At 14, I was reluctant to live in Mindanao. I shamefully admit that it scared and appalled me: every story about Mindanao involved bombs, armed groups and dead bodies, and with the exception of summer adventures at my parents’ hometowns, I had never really known life beyond south of Manila metro-suburbia. I was completely ingrained with the common Mindanao Myth. But times were hard, there were no jobs to be found for my near-retirement age parents, and by the summer of 2006, we had settled in Davao City in time for the incoming school year.

Urban Davao, with the reign of Duterte and its malls, was assuring to a Manila-born. Its landscape, mountains to the west and seashore to the east, offered easy getaways. Everything was cheaper, better and easier to come by: food, housing, education, and travel. The slower pace, strong community ties, and new people and places to discover were endearing. As a family looking for a fresh start, it didn’t take long to feel at home.

I felt so secure, in fact, that I decided to study college in Mindanao, laying aside a deal I made with my parents that I was moving back to Manila for college no matter what. It seemed like such a childish, bourgeois fuss. Mindanao felt more grounded, more real to me. We started berating and ridiculing relatives for fearing the Land of Promise. We felt insulted when people asked if we had a proper airport–how arrogant! We corrected media stereotypes and enticed friends and family to come over and to let us be their tour guides. We didn’t feel like natives, but we felt privileged and comfortable to live in Mindanao.

My 180-degree turn came gradually in college. Upon enrolling in UP Mindanao, experiencing Mindanao was amplified for me. My classmates came from every corner of the island. The places Cotabato, Maguindanao, and Zamboanga lost their stigma to me: these weren’t God-forsaken patches of wilderness, but homes, farms, cradles of culture and life. Terror and war were part of these, but so did the strength and plurality that emerged from it. A social science class, Hitchhikers’ Guide to Mindanao, was one of my favorite classes in college: I would spend afternoons holed up in the mildewed school library, reading books on Moro and Lumad cultures and on Mindanao history that my class readings led me to. My first course was Biology, and the rich biodiversity of Mindanao was stunning on so many levels. I often thought that no other place in the world offered better laboratories and field studies than unspoilt Mindanao ecosystems. When I shifted to Communication Arts, my appreciation became much more socio-political, especially as a writer. Contradictions in war and politics were more tangible and all the more comprehensible where you were ankle-deep in it, and not in the seats of power in Manila, where discourse was of almost-pure theory and flawed in its isolation.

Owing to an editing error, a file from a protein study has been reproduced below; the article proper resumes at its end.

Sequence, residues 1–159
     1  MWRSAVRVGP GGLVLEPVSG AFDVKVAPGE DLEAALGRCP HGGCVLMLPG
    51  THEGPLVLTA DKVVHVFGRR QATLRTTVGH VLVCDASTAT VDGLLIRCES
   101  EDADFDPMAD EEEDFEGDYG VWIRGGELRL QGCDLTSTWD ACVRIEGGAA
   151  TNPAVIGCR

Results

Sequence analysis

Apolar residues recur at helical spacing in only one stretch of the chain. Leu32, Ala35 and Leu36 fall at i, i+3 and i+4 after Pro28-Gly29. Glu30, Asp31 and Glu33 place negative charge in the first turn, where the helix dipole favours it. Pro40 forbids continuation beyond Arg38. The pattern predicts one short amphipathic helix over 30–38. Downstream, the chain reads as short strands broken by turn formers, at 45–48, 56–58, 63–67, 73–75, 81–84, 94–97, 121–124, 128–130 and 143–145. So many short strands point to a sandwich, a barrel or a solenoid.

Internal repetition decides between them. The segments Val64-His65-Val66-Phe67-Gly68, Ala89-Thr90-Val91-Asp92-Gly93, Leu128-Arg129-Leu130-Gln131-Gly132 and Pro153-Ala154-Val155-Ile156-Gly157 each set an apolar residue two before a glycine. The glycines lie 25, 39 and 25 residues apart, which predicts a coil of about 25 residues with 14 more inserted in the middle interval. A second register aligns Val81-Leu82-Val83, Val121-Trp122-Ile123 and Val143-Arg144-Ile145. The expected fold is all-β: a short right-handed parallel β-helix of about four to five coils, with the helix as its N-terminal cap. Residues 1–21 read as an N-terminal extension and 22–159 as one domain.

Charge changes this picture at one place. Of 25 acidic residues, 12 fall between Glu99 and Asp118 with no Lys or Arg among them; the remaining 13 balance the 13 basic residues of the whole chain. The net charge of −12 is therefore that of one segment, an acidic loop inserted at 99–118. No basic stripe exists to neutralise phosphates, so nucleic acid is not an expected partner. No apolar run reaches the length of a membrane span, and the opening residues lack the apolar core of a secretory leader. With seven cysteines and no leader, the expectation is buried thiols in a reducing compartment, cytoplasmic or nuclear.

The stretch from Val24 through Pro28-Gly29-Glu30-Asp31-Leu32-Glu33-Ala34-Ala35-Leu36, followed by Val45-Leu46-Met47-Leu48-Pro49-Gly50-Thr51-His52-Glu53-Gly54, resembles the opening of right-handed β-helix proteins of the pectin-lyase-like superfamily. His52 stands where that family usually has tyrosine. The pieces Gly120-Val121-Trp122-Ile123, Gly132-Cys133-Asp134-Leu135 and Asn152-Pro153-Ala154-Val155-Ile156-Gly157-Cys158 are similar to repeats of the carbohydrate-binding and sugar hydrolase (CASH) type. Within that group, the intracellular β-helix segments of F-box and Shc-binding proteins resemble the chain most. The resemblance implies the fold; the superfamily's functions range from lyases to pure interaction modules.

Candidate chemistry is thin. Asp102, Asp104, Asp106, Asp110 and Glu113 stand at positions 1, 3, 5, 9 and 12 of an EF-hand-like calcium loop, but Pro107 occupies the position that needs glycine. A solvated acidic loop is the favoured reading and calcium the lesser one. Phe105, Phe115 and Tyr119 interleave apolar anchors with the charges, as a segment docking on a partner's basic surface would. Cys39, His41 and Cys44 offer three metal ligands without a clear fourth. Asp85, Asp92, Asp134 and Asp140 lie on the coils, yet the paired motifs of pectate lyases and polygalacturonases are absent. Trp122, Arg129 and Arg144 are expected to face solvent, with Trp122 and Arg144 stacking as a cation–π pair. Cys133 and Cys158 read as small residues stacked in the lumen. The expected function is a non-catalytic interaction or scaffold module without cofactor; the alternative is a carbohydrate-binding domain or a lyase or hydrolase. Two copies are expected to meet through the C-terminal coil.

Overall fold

Advocacies and causes took dimension with the naked eye, than through news reports clouded with bias. However, the renewed perspective that college offered was yet pale to true immersion. As a student activist-journalist, Mindanao in its spectacular, at times terrifying, multiple facets was revealed to me. One of my first profound experiences was a Writers’ Trip to post-Pablo Davao Oriental. The desolation of the people, where they shook at the thought of slightest breath of wind; the treachery of local government units, the vivid picture of hungry, homeless families surrounding the DSWD headquarters with its undistributed supplies mocking; a friend publicly reprimanded for defending the poor; the material basis of mass struggle, the irresistible need to cry for justice for families that took us as their own as we asked them to retell horror stories from memory, all deeply etched in the consciousness of the 50 student journalists that came on that trip. That trip was the first of many for me.

Every region, every community had story of resistance to tell. Every hand-woven fabric, epic song, and root crop was not just a picture, a sound clip, or a market commodity, but an artifact pulsing of unmistakeable life, no matter how different from my own. It did not matter whether the stories came from the uncharted mountains peacefully inhabited by Talaingod Manobos, just recently air-raided and harassed, or the small mining communities in Surigao and their age-old defense of lands that ought to have been a national priority, or even the well-known stall of the vendor at the Kalimudan Center on the UP Mindanao campus or any of the countless working class labor force of downtown Davao.

Mindanao’s unrest is not a malevolent force to be feared: it is a tapestry of the struggle of the human race, which no metropolis in all its furtive primping, gleaming monuments, and declarations of peace and governance will never equal in substance. History is made not in
hallowed halls with a few well-endowed and “honorable” individuals, but in the streets, factories, farmlands and countrysides where the whole force of existence is tried every day, destroyed and constructed continuously, springing toward becoming new societies. It is to this
complexity that I have become not only converted but completely indebted.

Ironically, I must leave what I know as home for what I know as a battlefield: from Mindanao to Manila. Strange, how years before, my paradigm was in a complete reverse, patterned to common myths of vain consequence. And now, my permanent home will not be the mapped streets and affixed buildings of the known city that I head toward, but the roving mountains and seas, unmarked except by restless feet that follow stars and struggles. Soon enough, I shall be called back home. (davaotoday.com)

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